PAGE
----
Friday, March 6th 2020

AMD RDNA2 Graphics Architecture Detailed, Offers +50% Perf-per-Watt over RDNA

With its 7 nm RDNA architecture that debuted in July 2019, AMD achieved a nearly 50% gain in performance/Watt over the previous "Vega" architecture. At its 2020 Financial Analyst Day event, AMD made a big disclosure: that its upcoming RDNA2 architecture will offer a similar 50% performance/Watt jump over RDNA. The new RDNA2 graphics architecture is expected to leverage 7 nm+ (7 nm EUV), which offers up to 18% transistor-density increase over 7 nm DUV, among other process-level improvements. AMD could tap into this to increase price-performance by serving up more compute units at existing price-points, running at higher clock speeds.

AMD has two key design goals with RDNA2 that helps it close the feature-set gap with NVIDIA: real-time ray-tracing, and variable-rate shading, both of which have been standardized by Microsoft under DirectX 12 DXR and VRS APIs. AMD announced that RDNA2 will feature dedicated ray-tracing hardware on die. On the software side, the hardware will leverage industry-standard DXR 1.1 API. The company is supplying RDNA2 to next-generation game console manufacturers such as Sony and Microsoft, so it's highly likely that AMD's approach to standardized ray-tracing will have more takers than NVIDIA's RTX ecosystem that tops up DXR feature-sets with its own RTX feature-set.
AMD GPU Architecture Roadmap RDNA2 RDNA3 AMD RDNA2 Efficiency Roadmap AMD RDNA2 Performance per Watt AMD RDNA2 Raytracing
Variable-rate shading is another key feature that has been missing on AMD GPUs. The feature allows a graphics application to apply different rates of shading detail to different areas of the 3D scene being rendered, to conserve system resources. NVIDIA and Intel already implement VRS tier-1 standardized by Microsoft, and NVIDIA "Turing" goes a step further in supporting even VRS tier-2. AMD didn't detail its VRS tier support.

AMD hopes to deploy RDNA2 on everything from desktop discrete client graphics, to professional graphics for creators, to mobile (notebook/tablet) graphics, and lastly cloud graphics (for cloud-based gaming platforms such as Stadia). Its biggest takers, however, will be the next-generation Xbox and PlayStation game consoles, who will also shepherd game developers toward standardized ray-tracing and VRS implementations.

AMD also briefly touched upon the next-generation RDNA3 graphics architecture without revealing any features. All we know about RDNA3 for now, is that it will leverage a process node more advanced than 7 nm (likely 6 nm or 5 nm, AMD won't say); and that it will come out some time between 2021 and 2022. RDNA2 will extensively power AMD client graphics products over the next 5-6 calendar quarters, at least.
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242 Comments on AMD RDNA2 Graphics Architecture Detailed, Offers +50% Perf-per-Watt over RDNA

#226
ARF
Valantar
It looks absolutely terrible, and changes the prefix from a series prefix (i.e. a name) to somehow being a count of something. Either it's counting the generation of the GPU (which the model number already does, i.e. it's redundant and only confusing - why is 11 (XI) the same as 6(xxx)?) or it's counting something else entirely, in which case the question becomes what?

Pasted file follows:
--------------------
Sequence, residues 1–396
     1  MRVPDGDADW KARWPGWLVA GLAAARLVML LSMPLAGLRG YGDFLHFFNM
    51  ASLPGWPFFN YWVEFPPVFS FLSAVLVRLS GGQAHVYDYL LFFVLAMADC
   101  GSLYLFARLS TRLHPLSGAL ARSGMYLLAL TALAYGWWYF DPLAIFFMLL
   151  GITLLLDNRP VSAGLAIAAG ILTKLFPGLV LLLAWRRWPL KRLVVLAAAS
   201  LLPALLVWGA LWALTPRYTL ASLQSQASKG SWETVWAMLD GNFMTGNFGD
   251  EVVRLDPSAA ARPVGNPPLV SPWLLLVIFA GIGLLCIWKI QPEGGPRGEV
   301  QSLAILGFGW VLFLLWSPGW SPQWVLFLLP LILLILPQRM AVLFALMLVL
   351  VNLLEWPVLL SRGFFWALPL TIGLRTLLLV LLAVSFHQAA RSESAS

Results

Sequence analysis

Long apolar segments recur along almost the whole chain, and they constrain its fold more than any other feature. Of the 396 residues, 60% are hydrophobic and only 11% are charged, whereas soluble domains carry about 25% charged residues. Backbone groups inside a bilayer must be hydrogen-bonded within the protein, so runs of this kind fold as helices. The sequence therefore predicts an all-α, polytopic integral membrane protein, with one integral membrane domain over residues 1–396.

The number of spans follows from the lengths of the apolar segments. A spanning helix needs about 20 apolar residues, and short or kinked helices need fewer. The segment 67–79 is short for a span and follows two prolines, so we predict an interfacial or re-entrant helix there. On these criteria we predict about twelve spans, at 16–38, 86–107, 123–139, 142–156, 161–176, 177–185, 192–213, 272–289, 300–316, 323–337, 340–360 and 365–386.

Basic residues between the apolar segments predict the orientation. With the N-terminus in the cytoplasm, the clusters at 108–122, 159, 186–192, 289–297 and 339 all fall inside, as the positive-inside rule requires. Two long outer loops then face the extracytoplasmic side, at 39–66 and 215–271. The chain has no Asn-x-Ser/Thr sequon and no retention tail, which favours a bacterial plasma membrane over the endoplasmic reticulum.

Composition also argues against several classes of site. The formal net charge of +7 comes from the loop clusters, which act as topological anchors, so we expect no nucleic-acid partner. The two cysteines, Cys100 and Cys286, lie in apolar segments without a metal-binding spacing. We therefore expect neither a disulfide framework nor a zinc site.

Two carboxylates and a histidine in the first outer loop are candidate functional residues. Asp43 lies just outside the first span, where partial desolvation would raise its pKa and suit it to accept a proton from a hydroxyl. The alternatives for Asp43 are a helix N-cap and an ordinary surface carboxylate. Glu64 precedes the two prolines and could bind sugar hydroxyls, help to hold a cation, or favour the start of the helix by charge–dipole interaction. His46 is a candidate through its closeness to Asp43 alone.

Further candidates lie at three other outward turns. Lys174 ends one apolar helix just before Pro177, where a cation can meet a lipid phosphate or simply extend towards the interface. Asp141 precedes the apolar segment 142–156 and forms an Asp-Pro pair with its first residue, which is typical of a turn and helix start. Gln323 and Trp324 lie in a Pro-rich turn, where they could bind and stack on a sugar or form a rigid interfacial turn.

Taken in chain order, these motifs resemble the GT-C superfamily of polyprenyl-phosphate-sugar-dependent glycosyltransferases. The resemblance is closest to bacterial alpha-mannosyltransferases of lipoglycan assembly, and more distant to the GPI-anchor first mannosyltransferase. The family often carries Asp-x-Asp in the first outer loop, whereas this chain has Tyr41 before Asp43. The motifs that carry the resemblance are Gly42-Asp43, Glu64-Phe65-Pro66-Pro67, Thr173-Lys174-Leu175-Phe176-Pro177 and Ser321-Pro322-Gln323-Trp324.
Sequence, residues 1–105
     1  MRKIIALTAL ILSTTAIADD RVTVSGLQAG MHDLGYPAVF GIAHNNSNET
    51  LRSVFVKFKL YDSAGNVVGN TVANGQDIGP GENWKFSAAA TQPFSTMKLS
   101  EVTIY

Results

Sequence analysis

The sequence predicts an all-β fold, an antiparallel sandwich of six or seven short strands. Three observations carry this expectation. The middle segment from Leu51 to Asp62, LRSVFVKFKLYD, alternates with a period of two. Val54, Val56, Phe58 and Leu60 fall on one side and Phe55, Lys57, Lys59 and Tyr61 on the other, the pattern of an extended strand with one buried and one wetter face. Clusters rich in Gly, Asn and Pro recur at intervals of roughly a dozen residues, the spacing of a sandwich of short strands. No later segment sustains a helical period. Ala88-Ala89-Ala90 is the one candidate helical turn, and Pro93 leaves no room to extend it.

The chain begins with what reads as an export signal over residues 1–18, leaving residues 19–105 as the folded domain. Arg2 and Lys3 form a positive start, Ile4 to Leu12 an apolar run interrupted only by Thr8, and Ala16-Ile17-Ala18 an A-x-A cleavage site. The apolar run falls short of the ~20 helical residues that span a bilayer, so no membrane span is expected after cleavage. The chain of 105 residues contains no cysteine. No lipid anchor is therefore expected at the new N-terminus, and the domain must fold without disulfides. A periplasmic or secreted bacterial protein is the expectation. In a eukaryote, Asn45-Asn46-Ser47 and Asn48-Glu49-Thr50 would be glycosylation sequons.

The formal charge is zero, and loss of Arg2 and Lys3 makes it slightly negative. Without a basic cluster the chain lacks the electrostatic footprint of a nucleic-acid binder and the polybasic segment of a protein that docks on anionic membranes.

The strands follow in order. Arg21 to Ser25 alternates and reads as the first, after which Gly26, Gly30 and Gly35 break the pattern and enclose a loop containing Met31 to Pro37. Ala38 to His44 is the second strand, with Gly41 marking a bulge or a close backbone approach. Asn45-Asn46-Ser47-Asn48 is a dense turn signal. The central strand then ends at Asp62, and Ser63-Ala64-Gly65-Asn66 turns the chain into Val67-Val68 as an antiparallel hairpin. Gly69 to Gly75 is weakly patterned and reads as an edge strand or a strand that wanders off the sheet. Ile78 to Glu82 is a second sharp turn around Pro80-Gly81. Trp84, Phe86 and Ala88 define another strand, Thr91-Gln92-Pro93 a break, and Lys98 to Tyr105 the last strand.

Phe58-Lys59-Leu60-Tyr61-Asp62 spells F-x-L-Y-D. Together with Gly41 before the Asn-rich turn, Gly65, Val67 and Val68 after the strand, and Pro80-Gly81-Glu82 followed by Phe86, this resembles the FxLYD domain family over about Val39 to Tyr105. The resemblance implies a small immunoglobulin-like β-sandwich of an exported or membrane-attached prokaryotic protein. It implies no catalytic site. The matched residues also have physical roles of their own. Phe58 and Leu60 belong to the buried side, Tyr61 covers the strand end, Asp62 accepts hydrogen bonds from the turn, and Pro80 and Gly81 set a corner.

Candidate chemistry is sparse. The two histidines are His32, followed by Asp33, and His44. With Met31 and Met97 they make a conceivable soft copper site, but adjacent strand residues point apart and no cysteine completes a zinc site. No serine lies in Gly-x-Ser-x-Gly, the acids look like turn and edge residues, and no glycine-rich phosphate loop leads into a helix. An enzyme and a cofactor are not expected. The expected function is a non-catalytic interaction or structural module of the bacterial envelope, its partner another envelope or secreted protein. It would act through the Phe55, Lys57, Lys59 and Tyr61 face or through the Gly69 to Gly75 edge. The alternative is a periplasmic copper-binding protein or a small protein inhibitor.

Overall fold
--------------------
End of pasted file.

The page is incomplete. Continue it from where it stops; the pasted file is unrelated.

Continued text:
RX is an equivalent of GTX for Nvidia, which is currently simply the prefix to what all their gaming-focused GPUs are named (there is also the entry-level, mobile-only MX series). RTX is then of course an extension of this - a gaming card with Ray tracing support. Or do you think Nvidia's X also stands for 10?
I think the X comes from eXtreme.

Previously, they had GT and GTS which were lower than GTX.

AMD also needs something to clarify that Ray-tracing support.

The "I" in RXI can come from Intersection.
Then AMD went from HD 8000 to R0 200.
Posted on Reply
#227
Valantar
ARF
Ok, now I see that R5 230 was a direct rebrand of HD 8450.

Then AMD went from HD 8000 to R0 200.
The HD 8000 series was pretty much OEM only. OEMs sadly tend to demand new product names each year regardless of whether there are new products available, which has led to a lot of silly midrange-to-low-end rebrands for both Nvidia and AMD across the years. Regardless, there have always been lower-tier R7 and R5 cards to the higher end, consumer-facing R9 cards.
ARF
I think the X comes from eXtreme.

Previously, they had GT and GTS which were lower than GTX.

AMD also needs something to clarify that Ray-tracing support.

The "I" in RXI can come from Intersection.
Intersection? Seriously? How is the average uninformed GPU buyer supposed to understand anything at all from that? At least R (for Nvidia) is the first letter in the actual feature it seeks to describe. "RXI" is a terrible idea. Period.

And you're right about X - in most product naming! - coming from extreme. That's likely why AMD fell back to it as well, as the letter X has become a sort of shorthand (much ridiculed, but still) for something cool/good/performant.
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#228
ARF
Valantar
The HD 8000 series was pretty much OEM only. OEMs sadly tend to demand new product names each year regardless of whether there are new products available, which has led to a lot of silly midrange-to-low-end rebrands for both Nvidia and AMD across the years. Regardless, there have always been lower-tier R7 and R5 cards to the higher end, consumer-facing R9 cards.